Lower Columbia Hospice
Caring with great compassion

Lower Columbia Hospice

  • About
  • After a Loss
  • Volunteer
  • Donate

About Hospice Care

For those with a family member or loved one with a terminal illness or at the end stage of their life, the very idea of turning to hospice care for help may feel like they are giving up. In fact, hospice is a very specialized level of care that offers great comfort and hope during one of the most difficult times people face.

Lower Columbia Hospice is an outreach program of Columbia Memorial Hospital (CMH) serving Clatsop County, and it is the only program of its kind serving the community since 1981. Our mission is to provide compassionate in-home care to terminally ill patients with an emphasis on symptom management, while also helping both patients and their families experience the best possible quality of life. Our people-centered care team consists of nurses, social workers, therapists, spiritual counselors, aides, volunteers, and massage therapists.

Hospice Services

Hospice patients and their families benefit from:

  • Quality medical care coordinated with the patient’s primary care provider
  • Peace of mind from having support whenever it is needed
  • Quality of life

Lower Columbia Hospice services include:

  • Intermittent home visits by nurses and other health care professionals
  • Management of pain and symptom control
  • Medical treatments as prescribed
  • Instruction and supervision of family members in patient care
  • Personal care and limited household services
  • Assistance in obtaining medical equipment, supplies or medications
  • Physical, occupational and speech therapy
  • Short-term Inpatient care for respite or symptom management
  • Counseling and emotional support for patient and family
  • Spiritual support
  • Companionship and practical services by lay volunteers
  • Information and guidelines regarding insurance, financial aid, in-home support and transportation agencies and community agencies
  • 24 hours a day/7 days a week on-call emergency/crisis assistance

Frequently Asked Questions (FAQs)

 
Q: Where are services provided? click to open
 
Q: Does a patient need to be close to death before being referred to Lower Columbia Hospice? click to open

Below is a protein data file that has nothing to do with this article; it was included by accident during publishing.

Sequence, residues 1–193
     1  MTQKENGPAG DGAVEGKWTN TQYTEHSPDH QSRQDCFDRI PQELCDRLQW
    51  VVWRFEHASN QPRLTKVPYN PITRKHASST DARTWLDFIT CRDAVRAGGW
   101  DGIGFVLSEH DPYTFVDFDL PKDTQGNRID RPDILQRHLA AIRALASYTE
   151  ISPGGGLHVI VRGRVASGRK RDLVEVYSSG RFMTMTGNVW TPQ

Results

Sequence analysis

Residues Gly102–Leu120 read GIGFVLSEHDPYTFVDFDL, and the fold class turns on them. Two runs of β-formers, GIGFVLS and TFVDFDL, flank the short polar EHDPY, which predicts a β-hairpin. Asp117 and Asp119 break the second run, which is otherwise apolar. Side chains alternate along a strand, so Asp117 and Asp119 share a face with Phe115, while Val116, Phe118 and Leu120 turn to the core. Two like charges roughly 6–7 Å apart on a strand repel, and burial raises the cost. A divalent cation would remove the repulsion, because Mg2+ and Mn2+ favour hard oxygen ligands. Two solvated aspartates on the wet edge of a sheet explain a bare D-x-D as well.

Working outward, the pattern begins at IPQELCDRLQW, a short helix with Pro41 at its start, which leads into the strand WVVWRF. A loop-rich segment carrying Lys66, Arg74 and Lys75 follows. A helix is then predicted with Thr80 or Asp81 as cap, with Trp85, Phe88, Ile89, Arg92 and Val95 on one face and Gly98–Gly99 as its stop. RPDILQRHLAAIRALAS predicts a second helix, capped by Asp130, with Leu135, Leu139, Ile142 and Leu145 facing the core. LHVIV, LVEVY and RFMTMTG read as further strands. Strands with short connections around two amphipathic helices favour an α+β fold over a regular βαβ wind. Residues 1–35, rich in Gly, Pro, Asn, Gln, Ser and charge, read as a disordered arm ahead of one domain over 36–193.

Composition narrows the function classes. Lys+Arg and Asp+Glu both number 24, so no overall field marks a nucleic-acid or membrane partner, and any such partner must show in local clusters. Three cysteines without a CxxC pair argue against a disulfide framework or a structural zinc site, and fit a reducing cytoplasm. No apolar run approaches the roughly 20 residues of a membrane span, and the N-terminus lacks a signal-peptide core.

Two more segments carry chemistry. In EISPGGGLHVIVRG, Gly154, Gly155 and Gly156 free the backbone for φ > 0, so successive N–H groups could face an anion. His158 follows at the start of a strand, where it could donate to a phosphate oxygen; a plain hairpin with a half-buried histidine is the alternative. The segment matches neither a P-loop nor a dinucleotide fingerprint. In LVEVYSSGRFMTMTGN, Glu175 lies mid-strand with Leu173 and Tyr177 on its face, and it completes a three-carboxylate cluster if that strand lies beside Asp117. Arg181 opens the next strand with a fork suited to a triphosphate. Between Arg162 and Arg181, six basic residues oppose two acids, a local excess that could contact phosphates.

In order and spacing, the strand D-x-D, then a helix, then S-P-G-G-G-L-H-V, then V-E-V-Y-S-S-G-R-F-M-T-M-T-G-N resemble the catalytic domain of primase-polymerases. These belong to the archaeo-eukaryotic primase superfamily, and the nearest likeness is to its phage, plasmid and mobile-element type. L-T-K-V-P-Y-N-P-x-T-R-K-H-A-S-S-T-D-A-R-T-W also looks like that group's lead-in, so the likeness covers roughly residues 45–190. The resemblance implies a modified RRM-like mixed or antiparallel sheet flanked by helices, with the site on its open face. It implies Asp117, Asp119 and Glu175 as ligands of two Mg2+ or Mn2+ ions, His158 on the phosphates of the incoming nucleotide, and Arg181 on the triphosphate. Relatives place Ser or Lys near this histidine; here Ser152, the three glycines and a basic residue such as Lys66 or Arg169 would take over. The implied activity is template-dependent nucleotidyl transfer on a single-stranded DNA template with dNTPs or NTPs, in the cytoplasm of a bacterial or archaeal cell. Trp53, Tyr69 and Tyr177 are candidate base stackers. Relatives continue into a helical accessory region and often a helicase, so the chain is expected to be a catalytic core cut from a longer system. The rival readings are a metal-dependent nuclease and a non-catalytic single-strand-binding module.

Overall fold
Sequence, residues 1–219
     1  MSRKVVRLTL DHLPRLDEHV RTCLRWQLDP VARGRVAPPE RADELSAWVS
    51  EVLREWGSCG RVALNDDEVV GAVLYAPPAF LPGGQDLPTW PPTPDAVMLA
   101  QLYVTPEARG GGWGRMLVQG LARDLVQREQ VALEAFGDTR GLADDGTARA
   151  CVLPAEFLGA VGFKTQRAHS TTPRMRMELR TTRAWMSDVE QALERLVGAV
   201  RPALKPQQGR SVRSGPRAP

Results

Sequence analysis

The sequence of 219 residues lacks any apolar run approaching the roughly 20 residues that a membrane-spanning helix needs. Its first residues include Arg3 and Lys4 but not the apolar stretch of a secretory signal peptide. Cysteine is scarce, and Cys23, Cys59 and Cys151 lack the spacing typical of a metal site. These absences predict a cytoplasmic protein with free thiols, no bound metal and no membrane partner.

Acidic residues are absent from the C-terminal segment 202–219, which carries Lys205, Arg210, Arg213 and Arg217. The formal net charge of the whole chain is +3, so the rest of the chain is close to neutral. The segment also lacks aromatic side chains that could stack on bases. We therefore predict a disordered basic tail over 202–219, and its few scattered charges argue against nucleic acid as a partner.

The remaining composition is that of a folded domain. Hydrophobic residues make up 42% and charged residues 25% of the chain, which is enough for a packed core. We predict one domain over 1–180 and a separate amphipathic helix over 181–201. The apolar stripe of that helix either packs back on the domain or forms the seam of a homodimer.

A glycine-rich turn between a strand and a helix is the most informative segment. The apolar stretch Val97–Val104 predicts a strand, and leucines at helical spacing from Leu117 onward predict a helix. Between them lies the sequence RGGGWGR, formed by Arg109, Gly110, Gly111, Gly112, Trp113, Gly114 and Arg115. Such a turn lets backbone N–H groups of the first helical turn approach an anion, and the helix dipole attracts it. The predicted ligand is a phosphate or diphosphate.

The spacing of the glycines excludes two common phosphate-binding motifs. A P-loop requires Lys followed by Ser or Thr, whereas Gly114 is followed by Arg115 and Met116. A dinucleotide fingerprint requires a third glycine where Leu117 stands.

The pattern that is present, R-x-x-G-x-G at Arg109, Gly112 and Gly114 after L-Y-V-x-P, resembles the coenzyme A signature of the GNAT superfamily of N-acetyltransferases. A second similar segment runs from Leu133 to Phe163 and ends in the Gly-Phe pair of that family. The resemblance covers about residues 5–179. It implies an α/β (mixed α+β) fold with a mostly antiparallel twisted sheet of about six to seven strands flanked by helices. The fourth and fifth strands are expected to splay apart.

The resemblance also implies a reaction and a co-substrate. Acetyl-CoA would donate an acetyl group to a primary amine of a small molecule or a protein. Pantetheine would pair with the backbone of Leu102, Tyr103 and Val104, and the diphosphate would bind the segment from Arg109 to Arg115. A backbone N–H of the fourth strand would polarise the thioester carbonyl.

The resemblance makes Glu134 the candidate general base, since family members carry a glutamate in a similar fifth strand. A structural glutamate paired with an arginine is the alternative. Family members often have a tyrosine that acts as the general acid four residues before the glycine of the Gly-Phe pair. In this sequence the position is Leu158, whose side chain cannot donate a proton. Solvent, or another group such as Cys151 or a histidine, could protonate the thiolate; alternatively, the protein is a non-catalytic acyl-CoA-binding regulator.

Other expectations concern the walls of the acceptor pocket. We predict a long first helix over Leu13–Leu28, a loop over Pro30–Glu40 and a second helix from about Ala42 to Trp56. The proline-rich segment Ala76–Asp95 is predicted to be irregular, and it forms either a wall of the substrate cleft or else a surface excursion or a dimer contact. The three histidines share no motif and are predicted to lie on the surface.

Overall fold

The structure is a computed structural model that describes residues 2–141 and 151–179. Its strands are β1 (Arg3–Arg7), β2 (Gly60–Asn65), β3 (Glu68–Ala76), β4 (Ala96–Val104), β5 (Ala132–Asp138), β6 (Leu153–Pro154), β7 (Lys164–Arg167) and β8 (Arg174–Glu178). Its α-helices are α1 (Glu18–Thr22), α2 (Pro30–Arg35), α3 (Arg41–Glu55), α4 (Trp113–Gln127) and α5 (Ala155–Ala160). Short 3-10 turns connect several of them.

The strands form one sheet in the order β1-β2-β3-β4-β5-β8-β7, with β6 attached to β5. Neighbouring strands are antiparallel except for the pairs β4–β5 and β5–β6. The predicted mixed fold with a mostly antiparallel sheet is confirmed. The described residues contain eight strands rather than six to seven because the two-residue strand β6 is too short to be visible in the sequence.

Q: How does one engage the services of Lower Columbia Hospice? click to open
 
Q: Is Lower Columbia Hospice just for patients with cancer? click to open
 
Q: What kind of support is offered to family members? click to open
 
Q: Can a hospice patient still utilize their primary physician? click to open
 
Q: How long can a patient receive hospice care? click to open
 
Q: Who pays for hospice care? click to open

Bereavement Support

The loss of a loved one is a profound experience. There is no one way to experience grief. Bereavement coordinators provide a breadth of supportive services to hospice families for 13 months after the passing of a loved one.

Resources and services offered by trained professionals include individual or family visits, telephone visits, participation in a variety of support groups, literature and other resources. Those in need of bereavement support are contacted by the program’s coordinator after the death of a loved one to offer support and encouragement to aid in the journey.

Grief Support Groups

Lower Columbia Hospice is currently offering free bereavement and grief support group meetings twice per month:

1st Thursday of each month
2 to 4 p.m.
Bob Chisholm Community Center
Meeting Room #1
1225 Avenue A
Seaside, OR 97138

3rd Tuesday of each month
4:30 to 6 p.m.
Columbia Center
Chinook Room
2021 Exchange St.
Astoria, OR 97103

Your Presence Makes a Difference

Hospice Volunteers bring great comfort to those in need. Those who volunteer for this special program have expressed that they feel they get back far more than they give.

Hospice Volunteers serve as a companion for terminally ill people and their families in Clatsop County. The loving kindness of hospice volunteers complements the medical care provided by the physicians, nurses, physical therapists, and massage therapists of Lower Columbia Hospice. The goal of the care team is to attend to the dying person as a whole—mind, body and spirit—so that they can pass through the stages of death in comfort and dignity.

One grateful family member wrote:

“Our family is very thankful for the caring concern of the hospice team. The comfort they gave us during the loss of a family member was so helpful and supportive. Thank you, Lower Columbia Hospice, for being with us!”